Westboro Baptist, among others, believe in a false Jesus, the "asshole Jesus" (who happens to have his own twitter account). You have friends who have rejected a Christianity based on asshole Jesus, the one who hates. You have embraced asshole Jesus, and have taught about him. He's easier to see in the Bible because that is the Jesus more like you. The God of love is so foreign to you, that you stick with what is safer and easier and more popular. But the God who is love is so much better. You need to find Jesus who is God who is love. Not everything biblical is Christian.


Series review----------------------
This is part nine of the series, Not everything Biblical is Christian. Part one points out that the words of Satan recorded in the Bible are not Christian doctrine. Part two shows the Sermon on the Mount overruling the cursing of enemies exhibited in Psalm 137. Parts three and four show Moses getting overruled by Ezekiel and Jesus. Part five merely brushes the concept of source criticism.  Part six looks at the  Old Testament application in the early church: a brief summary of the book of Acts. Part seven looks at how the church has worked this out regarding slavery. Part eight, showed how one example of how an unchristian part of the Bible helps tell the Christian story.

Saturday, October 04, 2014

When Jesus was unclean

This topic is an addendum to my last post in the series, Not everything Biblical is Christian, Part 8 - Jesus and nocturnal emission laws. I concluded that post by saying, "I still don't know where Jesus is in this passage, Deuteronomy 23:10"
If there be among you any man, that is not clean by reason of uncleanness that chanceth him by night, then shall he go abroad out of the camp, he shall not come within the camp: 11 But it shall be, when evening cometh on, he shall wash himself with water: and when the sun is down, he shall come into the camp again. 
The King James version is more of the Hebrew to English word for word translation. The modern versions are more explicit about what the Hebrew alludes to "in happenings of the night."
10 "If any man among you becomes unclean because of a nocturnal emission, then he shall go outside the camp. He shall not come inside the camp, 11 but when evening comes, he shall bathe himself in water, and as the sun sets, he may come inside the camp. ESV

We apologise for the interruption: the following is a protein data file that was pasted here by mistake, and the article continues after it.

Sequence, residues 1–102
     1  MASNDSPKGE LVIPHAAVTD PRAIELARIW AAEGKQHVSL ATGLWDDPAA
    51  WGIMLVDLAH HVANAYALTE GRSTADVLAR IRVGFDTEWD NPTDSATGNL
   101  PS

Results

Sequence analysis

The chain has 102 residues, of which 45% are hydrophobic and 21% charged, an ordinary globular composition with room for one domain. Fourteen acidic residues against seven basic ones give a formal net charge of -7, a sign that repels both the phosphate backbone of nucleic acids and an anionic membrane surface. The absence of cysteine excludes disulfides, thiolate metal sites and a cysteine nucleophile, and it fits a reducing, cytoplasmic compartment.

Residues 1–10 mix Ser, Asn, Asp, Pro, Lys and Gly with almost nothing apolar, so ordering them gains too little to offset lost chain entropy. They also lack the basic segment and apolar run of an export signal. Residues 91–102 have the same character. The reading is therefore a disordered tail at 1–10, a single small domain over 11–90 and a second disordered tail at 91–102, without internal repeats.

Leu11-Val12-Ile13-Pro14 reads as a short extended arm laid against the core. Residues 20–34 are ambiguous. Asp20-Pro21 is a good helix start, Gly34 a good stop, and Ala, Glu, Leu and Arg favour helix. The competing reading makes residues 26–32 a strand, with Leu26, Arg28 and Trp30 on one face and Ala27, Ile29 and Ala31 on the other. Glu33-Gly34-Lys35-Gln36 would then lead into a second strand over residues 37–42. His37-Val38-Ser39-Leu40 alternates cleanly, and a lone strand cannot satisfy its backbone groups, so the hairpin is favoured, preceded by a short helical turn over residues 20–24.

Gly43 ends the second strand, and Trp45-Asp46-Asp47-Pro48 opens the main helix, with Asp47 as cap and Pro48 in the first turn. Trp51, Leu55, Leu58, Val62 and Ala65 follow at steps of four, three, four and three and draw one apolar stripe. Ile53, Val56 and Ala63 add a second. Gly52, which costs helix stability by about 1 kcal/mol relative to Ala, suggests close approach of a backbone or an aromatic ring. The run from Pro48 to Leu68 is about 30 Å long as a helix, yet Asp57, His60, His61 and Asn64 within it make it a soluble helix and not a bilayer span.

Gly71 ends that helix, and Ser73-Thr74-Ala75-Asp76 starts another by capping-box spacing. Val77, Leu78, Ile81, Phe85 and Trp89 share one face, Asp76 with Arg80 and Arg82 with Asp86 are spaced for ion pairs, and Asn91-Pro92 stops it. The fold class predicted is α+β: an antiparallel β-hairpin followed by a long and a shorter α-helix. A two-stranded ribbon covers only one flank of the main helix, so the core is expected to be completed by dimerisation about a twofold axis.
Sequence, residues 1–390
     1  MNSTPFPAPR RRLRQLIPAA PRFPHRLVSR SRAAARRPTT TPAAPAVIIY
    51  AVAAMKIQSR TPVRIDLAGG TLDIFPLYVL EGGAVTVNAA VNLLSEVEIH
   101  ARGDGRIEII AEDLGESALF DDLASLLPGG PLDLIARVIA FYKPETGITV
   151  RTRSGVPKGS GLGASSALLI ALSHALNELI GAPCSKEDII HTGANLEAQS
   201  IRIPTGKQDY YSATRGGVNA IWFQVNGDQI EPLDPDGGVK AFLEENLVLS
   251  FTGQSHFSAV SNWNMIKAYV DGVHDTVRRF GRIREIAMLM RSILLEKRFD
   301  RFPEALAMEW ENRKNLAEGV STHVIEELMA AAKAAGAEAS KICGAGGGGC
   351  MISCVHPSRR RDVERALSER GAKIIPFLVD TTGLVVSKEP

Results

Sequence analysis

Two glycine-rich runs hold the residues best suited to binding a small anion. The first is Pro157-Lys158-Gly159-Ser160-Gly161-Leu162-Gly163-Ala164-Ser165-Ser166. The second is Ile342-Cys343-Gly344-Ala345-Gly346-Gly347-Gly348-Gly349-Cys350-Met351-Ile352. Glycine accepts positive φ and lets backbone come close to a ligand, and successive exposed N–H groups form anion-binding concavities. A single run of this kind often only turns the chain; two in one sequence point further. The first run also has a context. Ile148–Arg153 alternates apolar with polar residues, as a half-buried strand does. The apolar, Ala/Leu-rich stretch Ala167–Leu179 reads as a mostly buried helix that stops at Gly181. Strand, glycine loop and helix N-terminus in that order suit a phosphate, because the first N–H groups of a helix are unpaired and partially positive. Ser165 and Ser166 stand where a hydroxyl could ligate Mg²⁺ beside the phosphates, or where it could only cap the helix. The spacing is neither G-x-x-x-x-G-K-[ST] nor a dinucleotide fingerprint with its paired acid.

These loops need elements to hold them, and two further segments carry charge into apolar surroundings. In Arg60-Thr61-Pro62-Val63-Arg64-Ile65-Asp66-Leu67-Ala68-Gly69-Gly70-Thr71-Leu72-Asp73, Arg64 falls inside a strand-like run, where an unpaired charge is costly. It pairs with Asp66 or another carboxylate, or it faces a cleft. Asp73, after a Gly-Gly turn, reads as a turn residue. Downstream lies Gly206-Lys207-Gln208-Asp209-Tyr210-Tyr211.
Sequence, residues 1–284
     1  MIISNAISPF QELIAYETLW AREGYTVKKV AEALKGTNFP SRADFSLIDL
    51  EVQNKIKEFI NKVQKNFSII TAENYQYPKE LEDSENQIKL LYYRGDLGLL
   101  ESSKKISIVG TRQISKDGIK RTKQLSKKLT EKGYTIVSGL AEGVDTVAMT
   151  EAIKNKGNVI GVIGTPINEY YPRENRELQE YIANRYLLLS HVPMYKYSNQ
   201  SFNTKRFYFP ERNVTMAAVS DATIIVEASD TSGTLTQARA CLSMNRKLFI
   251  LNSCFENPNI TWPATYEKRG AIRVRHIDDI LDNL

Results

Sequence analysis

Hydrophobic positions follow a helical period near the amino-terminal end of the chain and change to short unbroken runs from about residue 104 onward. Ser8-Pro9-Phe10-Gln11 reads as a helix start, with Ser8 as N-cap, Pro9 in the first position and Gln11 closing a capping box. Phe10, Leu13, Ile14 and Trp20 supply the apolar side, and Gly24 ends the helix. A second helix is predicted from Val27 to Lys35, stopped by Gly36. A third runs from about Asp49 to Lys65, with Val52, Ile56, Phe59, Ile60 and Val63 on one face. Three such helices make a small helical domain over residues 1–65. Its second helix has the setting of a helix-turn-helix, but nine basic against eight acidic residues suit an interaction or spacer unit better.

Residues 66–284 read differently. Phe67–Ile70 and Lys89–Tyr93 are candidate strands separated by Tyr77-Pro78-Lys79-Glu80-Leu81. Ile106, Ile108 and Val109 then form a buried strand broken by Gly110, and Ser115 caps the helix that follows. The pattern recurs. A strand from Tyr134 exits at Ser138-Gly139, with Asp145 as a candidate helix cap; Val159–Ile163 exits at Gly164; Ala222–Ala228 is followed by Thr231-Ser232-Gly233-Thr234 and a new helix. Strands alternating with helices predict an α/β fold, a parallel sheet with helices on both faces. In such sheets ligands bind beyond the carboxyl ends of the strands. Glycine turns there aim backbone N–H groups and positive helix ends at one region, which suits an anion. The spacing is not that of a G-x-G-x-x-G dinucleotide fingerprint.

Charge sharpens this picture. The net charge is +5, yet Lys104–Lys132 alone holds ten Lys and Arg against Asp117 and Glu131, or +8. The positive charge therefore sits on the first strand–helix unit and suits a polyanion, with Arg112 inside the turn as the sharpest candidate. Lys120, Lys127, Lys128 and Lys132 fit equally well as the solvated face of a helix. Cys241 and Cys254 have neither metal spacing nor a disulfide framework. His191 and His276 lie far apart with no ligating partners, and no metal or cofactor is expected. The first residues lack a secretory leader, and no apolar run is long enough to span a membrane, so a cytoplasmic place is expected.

Since I raised the question last week, I've been mulling it over, what does this have to do with Jesus? The question before this question is why does this have to do with Jesus?

There are two things Jesus said that make me ask why. In John's gospel when he is disputing with the Jewish religious leaders he says, 5:39 You diligently study the Scriptures because you think that by them you possess eternal life. These are the Scriptures that testify about me... And in his Sermon on the Mount he says, “Do not think that I have come to abolish the law or the prophets. I have not come to abolish these things but to fulfill them." Matthew 5:17. These assertions by Jesus are why I look for him in the Old Testament. But not everything is a picture, type, metaphor or allegory of Jesus. Whatever is not Jesus concealed provides a setting for him and his life in 1st century Israel.

This rule in Deuteronomy 23:10, which is also in Leviticus 15:16 and (maybe) Numbers 5:2*, is context for Jesus' life. Jesus lived a normal human life, without sin as he is fully God, yet he is fully human as well. Human males, as they enter puberty, start to produce gametes in their gonads that are typically emitted nocturnally. In the vernacular, teenage boys have wet dreams. According to the Jewish law, this made them unclean. Since Jesus was normal, he must have experienced normal adolescent boy ceremonial uncleanliness.